Go to and read math analysis done by the Swiss Federal Insititute of Techology in Zurch.  It graphs data which displays the connections that 47 finance companies hold. Goldman Sachs, Barclays Bank, JP Moragan Chase & Co are among some of the top dogs. 

  • Bwmmmiller

    A "Greater Intelligence' is afoot here! Watch now, as the Mousad, Israel, fly to jealous rage, try and upset the "apple-cart" but to no real end, for no "Greater Purpose".

  • Ross Patton

    Very interesting chart. My takeaway is that you don't need military power anymore to be a global power: economic power is enough. Although, we could've easily learned that lesson in the 80s when Japan was on the rise.

    Also, it's Heritage Foundation. Basically, a libertarian/corporatist think tank. Doesn't necessarily mean their data is wrong (it could be though), just that everyone who views this should take it with a grain of salt and try to draw your own conclusions.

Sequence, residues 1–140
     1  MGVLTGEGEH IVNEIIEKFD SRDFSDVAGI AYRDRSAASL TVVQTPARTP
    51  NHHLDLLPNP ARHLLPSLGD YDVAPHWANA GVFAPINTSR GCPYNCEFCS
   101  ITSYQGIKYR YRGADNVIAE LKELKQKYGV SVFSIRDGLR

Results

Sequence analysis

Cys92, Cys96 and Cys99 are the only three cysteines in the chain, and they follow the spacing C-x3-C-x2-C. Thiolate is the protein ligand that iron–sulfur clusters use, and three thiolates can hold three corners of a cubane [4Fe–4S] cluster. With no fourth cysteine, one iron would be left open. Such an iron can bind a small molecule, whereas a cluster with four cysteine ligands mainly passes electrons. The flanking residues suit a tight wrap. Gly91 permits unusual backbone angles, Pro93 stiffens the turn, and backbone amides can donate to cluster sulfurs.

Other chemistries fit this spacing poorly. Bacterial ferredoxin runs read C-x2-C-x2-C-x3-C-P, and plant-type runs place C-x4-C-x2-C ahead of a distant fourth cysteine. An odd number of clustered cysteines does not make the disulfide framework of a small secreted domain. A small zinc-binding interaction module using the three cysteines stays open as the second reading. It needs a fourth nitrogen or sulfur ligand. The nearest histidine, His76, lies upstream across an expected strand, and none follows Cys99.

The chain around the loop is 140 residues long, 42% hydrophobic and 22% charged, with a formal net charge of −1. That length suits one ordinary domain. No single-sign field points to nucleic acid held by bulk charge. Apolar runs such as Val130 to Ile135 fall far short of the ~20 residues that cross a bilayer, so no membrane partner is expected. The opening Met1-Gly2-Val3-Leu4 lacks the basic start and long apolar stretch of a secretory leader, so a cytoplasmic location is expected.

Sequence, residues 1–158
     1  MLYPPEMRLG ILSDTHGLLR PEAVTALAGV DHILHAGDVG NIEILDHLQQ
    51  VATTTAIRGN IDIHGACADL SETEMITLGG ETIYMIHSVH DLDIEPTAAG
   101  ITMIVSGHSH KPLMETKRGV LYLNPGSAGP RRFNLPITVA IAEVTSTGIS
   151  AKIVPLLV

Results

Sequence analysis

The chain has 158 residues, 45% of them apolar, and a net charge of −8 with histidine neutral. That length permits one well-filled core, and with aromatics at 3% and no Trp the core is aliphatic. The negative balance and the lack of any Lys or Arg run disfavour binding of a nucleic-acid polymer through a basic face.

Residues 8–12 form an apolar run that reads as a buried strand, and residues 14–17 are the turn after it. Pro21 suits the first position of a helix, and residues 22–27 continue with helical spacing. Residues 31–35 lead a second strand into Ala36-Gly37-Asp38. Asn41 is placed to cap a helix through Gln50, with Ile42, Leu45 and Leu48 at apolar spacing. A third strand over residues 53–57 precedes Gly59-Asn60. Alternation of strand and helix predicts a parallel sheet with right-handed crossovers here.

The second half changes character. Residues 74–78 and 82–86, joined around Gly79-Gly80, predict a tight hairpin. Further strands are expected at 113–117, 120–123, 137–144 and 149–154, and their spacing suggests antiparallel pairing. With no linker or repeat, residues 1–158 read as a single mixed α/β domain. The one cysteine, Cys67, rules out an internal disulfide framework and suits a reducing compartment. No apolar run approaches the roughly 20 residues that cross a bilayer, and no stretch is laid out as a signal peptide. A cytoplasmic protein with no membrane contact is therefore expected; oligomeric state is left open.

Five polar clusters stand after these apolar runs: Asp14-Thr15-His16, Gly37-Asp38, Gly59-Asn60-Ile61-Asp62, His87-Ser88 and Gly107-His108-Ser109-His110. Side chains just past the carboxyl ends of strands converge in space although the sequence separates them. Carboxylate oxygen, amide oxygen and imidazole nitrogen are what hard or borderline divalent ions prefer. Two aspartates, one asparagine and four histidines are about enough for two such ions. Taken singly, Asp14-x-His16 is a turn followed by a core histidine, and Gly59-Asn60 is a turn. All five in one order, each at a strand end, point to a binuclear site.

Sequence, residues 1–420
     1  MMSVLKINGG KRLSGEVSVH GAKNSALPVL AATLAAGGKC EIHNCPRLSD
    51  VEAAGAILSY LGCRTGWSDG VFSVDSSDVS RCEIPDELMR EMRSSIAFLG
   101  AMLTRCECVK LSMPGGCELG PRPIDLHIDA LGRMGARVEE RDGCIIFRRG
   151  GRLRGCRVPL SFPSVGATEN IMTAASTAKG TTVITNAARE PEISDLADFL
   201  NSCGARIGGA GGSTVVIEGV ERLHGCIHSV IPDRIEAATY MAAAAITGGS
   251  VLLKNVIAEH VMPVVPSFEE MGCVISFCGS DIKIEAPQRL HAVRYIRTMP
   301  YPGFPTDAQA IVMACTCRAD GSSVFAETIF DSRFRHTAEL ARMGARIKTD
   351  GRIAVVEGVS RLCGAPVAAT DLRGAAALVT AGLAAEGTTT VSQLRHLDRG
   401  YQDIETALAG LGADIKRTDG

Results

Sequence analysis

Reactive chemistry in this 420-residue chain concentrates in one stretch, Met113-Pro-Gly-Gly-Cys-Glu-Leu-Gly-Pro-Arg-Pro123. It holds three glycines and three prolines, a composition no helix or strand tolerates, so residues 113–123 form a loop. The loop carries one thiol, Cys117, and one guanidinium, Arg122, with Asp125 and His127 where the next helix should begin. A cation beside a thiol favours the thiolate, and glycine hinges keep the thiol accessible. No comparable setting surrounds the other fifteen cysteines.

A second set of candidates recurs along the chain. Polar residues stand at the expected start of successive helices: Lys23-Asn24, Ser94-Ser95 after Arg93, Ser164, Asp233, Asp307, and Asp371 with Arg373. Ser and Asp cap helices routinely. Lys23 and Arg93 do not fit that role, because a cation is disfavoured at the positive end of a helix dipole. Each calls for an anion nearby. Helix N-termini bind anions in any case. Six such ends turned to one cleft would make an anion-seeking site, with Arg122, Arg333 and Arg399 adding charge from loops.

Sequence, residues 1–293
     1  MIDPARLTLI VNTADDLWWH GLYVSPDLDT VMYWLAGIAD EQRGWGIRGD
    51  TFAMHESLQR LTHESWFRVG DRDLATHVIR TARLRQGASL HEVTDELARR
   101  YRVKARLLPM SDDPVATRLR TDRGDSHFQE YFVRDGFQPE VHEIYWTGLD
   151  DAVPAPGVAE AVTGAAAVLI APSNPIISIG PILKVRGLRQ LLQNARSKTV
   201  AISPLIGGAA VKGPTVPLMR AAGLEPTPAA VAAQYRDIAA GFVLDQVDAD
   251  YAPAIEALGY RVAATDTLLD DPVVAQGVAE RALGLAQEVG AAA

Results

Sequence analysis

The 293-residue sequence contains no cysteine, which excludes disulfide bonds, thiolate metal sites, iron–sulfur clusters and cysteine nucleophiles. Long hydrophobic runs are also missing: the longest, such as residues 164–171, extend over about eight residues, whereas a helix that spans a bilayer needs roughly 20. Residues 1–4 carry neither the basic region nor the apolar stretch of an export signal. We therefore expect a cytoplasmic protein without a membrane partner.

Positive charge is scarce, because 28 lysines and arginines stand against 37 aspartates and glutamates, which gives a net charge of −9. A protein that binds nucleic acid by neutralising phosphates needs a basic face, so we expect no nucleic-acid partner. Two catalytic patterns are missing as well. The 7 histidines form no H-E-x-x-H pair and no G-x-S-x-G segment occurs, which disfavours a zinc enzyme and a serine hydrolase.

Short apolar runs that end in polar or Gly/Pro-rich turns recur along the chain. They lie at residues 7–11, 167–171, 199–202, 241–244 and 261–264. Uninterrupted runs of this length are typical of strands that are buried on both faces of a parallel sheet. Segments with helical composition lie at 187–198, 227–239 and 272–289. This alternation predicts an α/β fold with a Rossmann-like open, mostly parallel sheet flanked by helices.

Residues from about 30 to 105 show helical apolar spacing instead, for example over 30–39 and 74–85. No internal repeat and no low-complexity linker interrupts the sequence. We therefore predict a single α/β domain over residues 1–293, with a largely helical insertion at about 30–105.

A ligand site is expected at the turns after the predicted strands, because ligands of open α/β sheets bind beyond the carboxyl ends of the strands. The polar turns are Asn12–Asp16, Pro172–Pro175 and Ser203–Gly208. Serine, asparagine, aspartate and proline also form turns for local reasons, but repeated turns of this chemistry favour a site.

• TJ

    The Economist recently wrote that some of these relationship (especially in Africa) are starting to sour as host nations see limited benefit in terms of:
    employment - Chinese firms bring their own people over
    share in profit, which often remains with a select few in high positions in government.
    There are also numerous cases of empty promises - a Chinese firm will promise to build a hospital or school in exchange for access to resources, and then fail to follow-up.

  • KevinK

    yeah, the US people are so desperate now from their own inside problem, of course what they have to do is to lead people's attention on others, like War, like the "evil" China...

  • Lesaha

    This information is trying to establish, not just how powerful free enterprise can be, but also how it can be used for power. It's trying to establish this by making us fear China. But, the same guys that support this Heritage Foundation, are members of the Chamber. The Chamber came up with the “New Economics” which does not include doing business with manufacturing in mind (not in the U.S.). Their goal is to use a slave labor force. Eventually this global inequality will level, thus creating a wage inequality like never seen before. It's happening right now as middle class and below remains stagnant, while cost of goods and service rise.  U.S. is way down the list in terms of wage equality. For example, 400 people own more wealth combine than the bottom 150 million wage earners.